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Six Construction Teams to Bid on Building Four Jails to Replace New York's Rikers Island

Wed January 05, 2022 - Northeast Edition
Brooklyn Paper

Six teams of developers will
Six teams of developers will "compete" to build four new borough-based jails to replace Rikers Island. (U.S. Geological Survey/Wikimedia Commons photo)

In the last days of his administration in late December, former New York Mayor Bill de Blasio announced that six teams of development and construction companies had been chosen to bid to develop the four borough-based jails planned to replace the city jail on Rikers Island.

De Blasio released his "Roadmap to Closing Rikers Island" in 2017 with an end goal of closing the sprawling jail complex and replacing it, and three other city detention centers, with four smaller jails in Brooklyn, Queens, Manhattan and the Bronx. Existing jails in the boroughs did not have enough space to accommodate the roughly 10,000 people detained at Rikers in 2016, the year prior to the mayor's plan.

The city analyzed each applicant's statement of qualifications and based on elements like past performance and financial capabilities, submitted requests for proposals (RFP) to six finalists.

Two firms will "compete" to develop the Brooklyn and Bronx-based jails, while one firm each has been selected for the Manhattan and Queens complexes, "based on evaluations of their [statement of qualifications]," the former mayor's office announced.

  • Lend Lease Corp. and Halmar International, working together, and a team headed by the Tutor Perini Corp. will submit their proposals for the Brooklyn jail, which will this spring replace the soon-to-be demolished Brooklyn Detention Complex in Boerum Hill. Construction is expected to begin in late 2022 or early 2023.
  • The partnership of Gilbane Building Co. and the Alberici Corp. submitted their first proposal for the Manhattan facility earlier in December, with a final proposal due next fall after the two firms work together with the city to finalize the details. That building effort is slated to start next year.
  • The city will send its RFP for the Queens jail to the Leon D. Matteis Construction Corp. later this year, with construction to begin in spring 2023.
  • Two teams will receive RFPs for the Bronx jail in the summer: Transformative Reform Group LLC, a new joint venture made up of SLSCO and Sciame Construction; and Cauldwell Wingate 2022 Company LLC. One team will be awarded the contract and work will begin on the facility in summer 2023.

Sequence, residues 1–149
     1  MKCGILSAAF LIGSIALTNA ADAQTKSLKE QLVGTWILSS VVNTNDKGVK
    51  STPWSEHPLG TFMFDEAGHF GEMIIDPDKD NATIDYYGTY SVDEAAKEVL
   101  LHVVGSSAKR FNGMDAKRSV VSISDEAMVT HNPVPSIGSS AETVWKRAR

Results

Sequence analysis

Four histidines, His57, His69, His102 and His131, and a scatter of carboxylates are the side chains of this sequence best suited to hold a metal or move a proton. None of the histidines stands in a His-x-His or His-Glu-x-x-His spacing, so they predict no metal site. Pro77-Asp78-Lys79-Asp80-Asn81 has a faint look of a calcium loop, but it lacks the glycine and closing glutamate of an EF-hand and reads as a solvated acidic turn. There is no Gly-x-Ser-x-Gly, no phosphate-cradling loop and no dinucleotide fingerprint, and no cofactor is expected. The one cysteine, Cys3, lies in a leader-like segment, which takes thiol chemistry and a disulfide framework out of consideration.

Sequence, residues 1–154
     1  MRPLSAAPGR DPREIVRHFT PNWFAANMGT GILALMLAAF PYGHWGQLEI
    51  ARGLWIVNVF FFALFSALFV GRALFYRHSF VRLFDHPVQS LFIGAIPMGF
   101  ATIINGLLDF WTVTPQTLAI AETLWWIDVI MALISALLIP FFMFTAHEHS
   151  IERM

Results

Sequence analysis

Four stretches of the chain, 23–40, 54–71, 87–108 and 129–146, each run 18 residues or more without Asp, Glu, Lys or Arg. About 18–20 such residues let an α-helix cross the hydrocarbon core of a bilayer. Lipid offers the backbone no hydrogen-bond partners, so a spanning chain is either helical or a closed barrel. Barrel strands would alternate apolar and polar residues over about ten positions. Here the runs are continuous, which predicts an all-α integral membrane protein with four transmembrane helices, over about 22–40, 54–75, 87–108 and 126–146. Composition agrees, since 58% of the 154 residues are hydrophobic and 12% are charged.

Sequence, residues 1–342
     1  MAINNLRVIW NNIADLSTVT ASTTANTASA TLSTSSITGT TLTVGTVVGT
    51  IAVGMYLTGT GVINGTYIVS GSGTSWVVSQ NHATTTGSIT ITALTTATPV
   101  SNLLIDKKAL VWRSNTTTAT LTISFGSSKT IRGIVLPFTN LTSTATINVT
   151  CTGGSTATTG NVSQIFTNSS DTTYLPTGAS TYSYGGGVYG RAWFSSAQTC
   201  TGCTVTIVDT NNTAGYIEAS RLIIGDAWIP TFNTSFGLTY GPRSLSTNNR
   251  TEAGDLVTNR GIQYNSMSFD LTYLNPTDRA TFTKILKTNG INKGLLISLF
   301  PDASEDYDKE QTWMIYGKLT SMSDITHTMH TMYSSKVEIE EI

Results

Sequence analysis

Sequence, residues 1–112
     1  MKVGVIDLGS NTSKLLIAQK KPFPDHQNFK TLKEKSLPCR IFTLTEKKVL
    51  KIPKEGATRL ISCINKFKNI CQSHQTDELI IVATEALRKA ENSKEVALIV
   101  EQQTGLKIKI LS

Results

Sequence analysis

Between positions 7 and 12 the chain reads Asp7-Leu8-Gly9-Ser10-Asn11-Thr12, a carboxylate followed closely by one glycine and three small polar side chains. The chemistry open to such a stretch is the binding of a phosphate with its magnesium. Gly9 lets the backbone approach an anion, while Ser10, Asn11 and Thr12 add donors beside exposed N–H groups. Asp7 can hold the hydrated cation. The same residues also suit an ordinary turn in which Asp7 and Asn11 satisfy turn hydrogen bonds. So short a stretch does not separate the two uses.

Each Firm is an Experienced Builder

Most of the companies vying to build the jails have worked on large-scale projects within the city before. Lend Lease developed projects like CitiField, home of the New York Mets. The company's European arm was contracted last year to build a new $4 million prison in the United Kingdom.

Tutor Perini, the competing firm for the Brooklyn jail, has worked extensively with the Metropolitan Transportation Authority on the in-progress East Side Access project, which will connect the Long Island Railroad's yards in Sunnyside, Queens, to a new station below Grand Central. In addition, it constructed Philadelphia's Federal Detention Center and South Woods State Prison in New Jersey and has an extensive portfolio working with the U.S. government in Iraq, Afghanistan and Saudi Arabia.

Tom Foley, acting commissioner of the city's department of design and construction, said the response from the construction industry was "exceptional" given the breadth of the project.

"The response gives us further confidence that we will be able to deliver on the promise of a more humane justice system for New York City, on-time, and on-budget," Foley said in a news release. "We were particularly impressed with the teams' commitment to the values and goals of the Borough Based Jails program."

The city's Department of Corrections will take over the project in 2027.

City Hopes to Close Rikers Island in Five Years

Rikers, which had a population of just over 5,000 last June, is currently expected to close permanently in 2027, de Blasio's office said, two years after the end of current Mayor Eric Adams' first term in office, and a year delayed from its original close date.

Along with the eight jails slated to close on Rikers, three other city jails, including the Vernon C. Bain Center (also known as The Barge), and the Manhattan Detention Complex, will be shuttered as part of the borough-based jails plan. The quartet of new jails will have a total population of just over 3,000 across all four facilities, significantly less than the city's current capacity. The Queens Detention Complex is not presently an operating jail and does not house detainees.

In 2019, de Blasio announced that two jails would be closing the following year: The Eric M. Taylor Center (EMTC) on Rikers Island and the Brooklyn complex.

EMTC ceased operations briefly closed in March 2020 but was quickly reopened to handle COVID-positive detainees, according to the New York City's Department of Corrections. The Brooklyn jail, which de Blasio said would close by the end of January 2020, remains open, although the city recently awarded a significant contract for its demolition in the last week of December.

Similar contracts were registered for the other existing jails to be taken out of commission, Brooklyn Paper reported, and demolition and site preparation work will be ongoing as the city continues to work on the RFPs.

That work will include the construction of "swing spaces" in Brooklyn, Queens, and Manhattan, which will "facilitate NYC Department of Corrections' transfers of detainees for court appearances during construction," the city said in a release. Work has already begun on a "community space" and parking garage at the Queens complex in Kew Gardens.

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